Existing in a fat body can sometimes mean that we become subject to the entitlement of others, whether for or against our bodies, coming from both small and fat people. Lizzo has never claimed to be a body positivity advocate. Her mere existence as a fat, black, confident woman in the public eye has catapulted her into a position met with many responsibilities that she didn’t ask to take on. The way in which Lizzo is able to connect with her fans through her music, her vulnerability, and her endless mantras of self-love means that, naturally, not only will people will start to see themselves in her, but see her as some kind of “saviour” and example of unapologetic fatness, which presents a problem in itself once she begins to act in ways that don’t align with the views of the people. There can be no projections of “betrayal” onto someone who didn’t ask to be the figurehead of an entire movement. With that being said, what can be up for critical debate is the way in which Lizzo chose to show her wellness update.
Regardless of whichever industry we find ourselves in, black women have historically been held to higher standards than anyone else and Lizzo is being held to an impossible one. Upon browsing Twitter, which seemed to be the epicentre of the backlash, I couldn’t help but notice the overwhelming amount of harsh critique and abuse directed towards Lizzo predominantly from white women – specifically slim white women. It was very interesting to witness, considering that the energy wasn’t kept for other celebrities such as Rebel Wilson and Adele – two white women who have also recently lost a dramatic amount of weight.
As black women, we’re generally never afforded the same grace, compassion and space for nuance as our white counterparts, and this speaks to higher issues of white supremacy and the “coddling” of white women who have historically been portrayed as innocent and pure. Being the physical antithesis of this condemns Lizzo as already guilty in the eyes of these women, who have gone on to judge her. It’s imperative to stress the importance and need for body autonomy. Lizzo is a grown woman who has the right to gain or lose weight as she so pleases, for whatever reason, and those choices should never be up for debate or discussion.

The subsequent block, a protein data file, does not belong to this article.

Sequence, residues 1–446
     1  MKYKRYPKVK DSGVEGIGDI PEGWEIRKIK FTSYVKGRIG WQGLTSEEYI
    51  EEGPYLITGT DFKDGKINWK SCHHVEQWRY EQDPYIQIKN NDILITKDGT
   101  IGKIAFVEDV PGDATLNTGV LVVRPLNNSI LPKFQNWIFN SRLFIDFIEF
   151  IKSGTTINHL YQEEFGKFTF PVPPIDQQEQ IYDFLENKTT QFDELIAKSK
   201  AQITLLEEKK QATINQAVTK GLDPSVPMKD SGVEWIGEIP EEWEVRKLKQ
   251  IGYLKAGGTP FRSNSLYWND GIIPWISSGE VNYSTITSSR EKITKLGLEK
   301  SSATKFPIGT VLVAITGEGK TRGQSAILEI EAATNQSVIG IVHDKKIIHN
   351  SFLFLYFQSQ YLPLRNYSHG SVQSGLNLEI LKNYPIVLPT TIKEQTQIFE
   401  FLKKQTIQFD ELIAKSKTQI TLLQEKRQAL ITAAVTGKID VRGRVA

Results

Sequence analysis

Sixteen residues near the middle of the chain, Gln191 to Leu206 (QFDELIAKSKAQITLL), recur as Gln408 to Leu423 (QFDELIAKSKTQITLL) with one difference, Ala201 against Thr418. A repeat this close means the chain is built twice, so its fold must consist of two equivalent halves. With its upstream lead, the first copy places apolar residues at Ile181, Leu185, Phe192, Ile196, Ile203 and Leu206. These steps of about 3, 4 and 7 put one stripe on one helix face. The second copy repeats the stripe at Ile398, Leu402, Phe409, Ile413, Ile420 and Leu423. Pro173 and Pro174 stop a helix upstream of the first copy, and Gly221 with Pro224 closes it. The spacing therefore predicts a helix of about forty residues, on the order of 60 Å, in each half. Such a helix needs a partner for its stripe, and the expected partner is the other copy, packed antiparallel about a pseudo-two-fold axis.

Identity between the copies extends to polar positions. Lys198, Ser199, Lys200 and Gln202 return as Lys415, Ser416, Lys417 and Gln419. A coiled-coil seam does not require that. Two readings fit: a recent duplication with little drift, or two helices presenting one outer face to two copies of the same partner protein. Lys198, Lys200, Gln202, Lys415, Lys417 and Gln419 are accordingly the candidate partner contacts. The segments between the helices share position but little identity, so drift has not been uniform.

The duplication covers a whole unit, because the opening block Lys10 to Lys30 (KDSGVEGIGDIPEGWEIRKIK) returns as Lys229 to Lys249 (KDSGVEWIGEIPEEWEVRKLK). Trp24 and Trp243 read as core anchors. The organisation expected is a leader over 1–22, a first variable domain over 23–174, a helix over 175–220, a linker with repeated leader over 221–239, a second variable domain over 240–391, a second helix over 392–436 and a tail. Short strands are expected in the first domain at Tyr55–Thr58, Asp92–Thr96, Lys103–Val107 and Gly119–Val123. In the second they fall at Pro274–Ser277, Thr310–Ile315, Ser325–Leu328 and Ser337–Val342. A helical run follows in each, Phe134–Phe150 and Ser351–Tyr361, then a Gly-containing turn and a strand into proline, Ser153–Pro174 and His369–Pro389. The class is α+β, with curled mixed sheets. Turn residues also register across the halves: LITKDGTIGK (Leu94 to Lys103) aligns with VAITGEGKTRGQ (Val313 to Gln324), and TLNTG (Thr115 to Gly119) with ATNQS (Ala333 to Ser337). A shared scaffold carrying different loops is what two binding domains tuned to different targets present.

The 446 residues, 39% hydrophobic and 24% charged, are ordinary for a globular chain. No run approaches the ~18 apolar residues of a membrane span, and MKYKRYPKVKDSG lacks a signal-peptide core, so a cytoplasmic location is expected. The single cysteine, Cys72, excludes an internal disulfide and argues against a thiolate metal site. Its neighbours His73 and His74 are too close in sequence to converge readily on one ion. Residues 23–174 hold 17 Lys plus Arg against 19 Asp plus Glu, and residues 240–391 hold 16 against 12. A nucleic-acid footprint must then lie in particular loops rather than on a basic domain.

Moving forward, it’s important for us to acknowledge that while there’s no harm in looking up to someone who exists in a similar body, there is harm in projecting your personal values and ideologies upon them. It’s important for us to hold space for understanding and empathy when it comes to the pressures placed upon us by society. It’s also important to be aware of the harm you may inflict on others when showing content that uplifts toxic diet culture and fatphobia. If you’re someone who has been affected or triggered by content that reminds you of trauma, it’s also okay to mute, unfollow and curate your social media feeds to only feature content that makes you feel good about yourself.
This conversation is bigger than Lizzo, and it will no doubt arise again when the next fat person of interest comes along. But, in the meantime, let’s focus our efforts in dismantling fatphobia in all its avenues.